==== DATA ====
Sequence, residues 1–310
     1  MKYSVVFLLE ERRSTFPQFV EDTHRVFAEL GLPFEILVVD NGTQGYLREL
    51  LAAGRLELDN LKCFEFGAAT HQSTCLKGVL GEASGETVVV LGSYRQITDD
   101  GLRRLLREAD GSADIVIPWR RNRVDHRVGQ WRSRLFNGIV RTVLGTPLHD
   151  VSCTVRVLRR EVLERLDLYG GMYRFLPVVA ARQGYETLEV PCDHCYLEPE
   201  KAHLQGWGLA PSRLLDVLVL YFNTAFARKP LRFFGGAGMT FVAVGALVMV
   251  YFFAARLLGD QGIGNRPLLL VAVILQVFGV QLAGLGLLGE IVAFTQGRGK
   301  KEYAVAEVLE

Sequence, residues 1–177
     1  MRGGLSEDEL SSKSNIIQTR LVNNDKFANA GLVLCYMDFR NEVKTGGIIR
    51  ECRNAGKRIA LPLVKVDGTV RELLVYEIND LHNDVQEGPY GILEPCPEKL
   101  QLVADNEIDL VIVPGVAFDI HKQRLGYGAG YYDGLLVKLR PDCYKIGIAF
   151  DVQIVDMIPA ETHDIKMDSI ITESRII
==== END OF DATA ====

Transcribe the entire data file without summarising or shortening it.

Sequence, residues 1–310
     1  MKYSVVFLLE ERRSTFPQFV EDTHRVFAEL GLPFEILVVD NGTQGYLREL
    51  LAAGRLELDN LKCFEFGAAT HQSTCLKGVL GEASGETVVV LGSYRQITDD
   101  GLRRLLREAD GSADIVIPWR RNRVDHRVGQ WRSRLFNGIV RTVLGTPLHD
   151  VSCTVRVLRR EVLERLDLYG GMYRFLPVVA ARQGYETLEV PCDHCYLEPE
   201  KAHLQGWGLA PSRLLDVLVL YFNTAFARKP LRFFGGAGMT FVAVGALVMV
   251  YFFAARLLGD QGIGNRPLLL VAVILQVFGV QLAGLGLLGE IVAFTQGRGK
   301  KEYAVAEVLE

Sequence, residues 1–177
     1  MRGGLSEDEL SSKSNIIQTR LVNNDKFANA GLVLCYMDFR NEVKTGGIIR
    51  ECRNAGKRIA LPLVKVDGTV RELLVYEIND LHNDVQEGPY GILEPCPEKL
   101  QLVADNEIDL VIVPGVAFDI HKQRLGYGAG YYDGLLVKLR PDCYKIGIAF
   151  DVQIVDMIPA ETHDIKMDSI ITESRII